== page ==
Italy’s non-ferrous metals sector is alive and well but squeezed between thousands of uncertainties. The LME is never reassuring and even short-term forecasting has become impossible. The tension is considerable, the market is stormy, the margins are ever smaller and the risks are always higher. The successful company has a lean structure and successfully contains its costs and daily margins without being too tied by major commitments. However, Italian industry is suffering from a stalemate in investments and delay that will result in a lack of innovation and reduced competitiveness.
Political instability, protectionism and European elections are slowing the national impetus and also Italy’s exports: in March, the drop in exports when compared to the same period last year was 2.5%, with the reduction in purchases concerning almost all our markets outside the EU - from Russia to Turkey, from the Middle East to China. Imports have offered mixed signals: the average drop is 0.5% while purchases of consumer goods (+8.5%) are flying, particularly long-term ones.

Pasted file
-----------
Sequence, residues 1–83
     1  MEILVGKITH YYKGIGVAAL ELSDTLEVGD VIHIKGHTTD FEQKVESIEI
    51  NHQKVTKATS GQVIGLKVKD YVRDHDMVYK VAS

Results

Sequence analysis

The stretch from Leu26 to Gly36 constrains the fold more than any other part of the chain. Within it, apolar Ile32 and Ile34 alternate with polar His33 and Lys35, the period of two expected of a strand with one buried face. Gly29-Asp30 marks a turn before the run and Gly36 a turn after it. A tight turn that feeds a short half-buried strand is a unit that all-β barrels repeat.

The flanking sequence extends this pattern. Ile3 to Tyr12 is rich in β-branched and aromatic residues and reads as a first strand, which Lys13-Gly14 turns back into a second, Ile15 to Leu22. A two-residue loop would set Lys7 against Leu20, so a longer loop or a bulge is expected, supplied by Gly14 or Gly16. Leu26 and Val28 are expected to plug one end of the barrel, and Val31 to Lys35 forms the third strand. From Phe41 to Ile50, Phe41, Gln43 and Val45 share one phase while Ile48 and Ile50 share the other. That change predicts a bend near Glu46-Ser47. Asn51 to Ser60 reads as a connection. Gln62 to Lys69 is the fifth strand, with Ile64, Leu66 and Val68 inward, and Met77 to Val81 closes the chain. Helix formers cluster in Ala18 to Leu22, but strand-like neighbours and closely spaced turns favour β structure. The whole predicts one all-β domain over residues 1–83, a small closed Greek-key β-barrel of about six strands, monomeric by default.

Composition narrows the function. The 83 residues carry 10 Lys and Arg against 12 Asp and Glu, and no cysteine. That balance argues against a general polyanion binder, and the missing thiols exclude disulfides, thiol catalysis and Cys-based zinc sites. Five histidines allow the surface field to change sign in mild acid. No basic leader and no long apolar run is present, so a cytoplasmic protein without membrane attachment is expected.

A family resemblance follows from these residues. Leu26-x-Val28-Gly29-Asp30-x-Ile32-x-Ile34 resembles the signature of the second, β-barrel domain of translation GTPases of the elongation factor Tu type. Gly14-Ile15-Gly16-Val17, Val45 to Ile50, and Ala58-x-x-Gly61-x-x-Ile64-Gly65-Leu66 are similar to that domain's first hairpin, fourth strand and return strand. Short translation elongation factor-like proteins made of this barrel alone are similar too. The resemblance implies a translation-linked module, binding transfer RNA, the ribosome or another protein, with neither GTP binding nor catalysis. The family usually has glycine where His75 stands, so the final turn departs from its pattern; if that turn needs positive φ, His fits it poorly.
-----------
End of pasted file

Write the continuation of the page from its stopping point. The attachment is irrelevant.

China is an essential reference market for Italian companies, with their exports more than doubling between 2001 and 2017, going from 1.2% to 3%. Today, China is our third-largest customer but the problem in this case is the rules of the game and Beijing’s economic model.
Interestingly, hourly productivity following the 2008 financial and economic crisis has rapidly aligned with that of our two major European competitors, namely France and Germany. The crisis accelerated the twin process of ridding the market of less efficient companies while simultaneously witnessing the entry or strengthening of more efficient ones.
This change in the demography of companies has been a powerful engine for increasing the country’s average productivity, such that our manufacturing industry is slowly changing identities in directions that deserve greater attention from the political class.
LCD Trading S.R.L (ITA), Board Member of the BIR Non-Ferrous Metals Division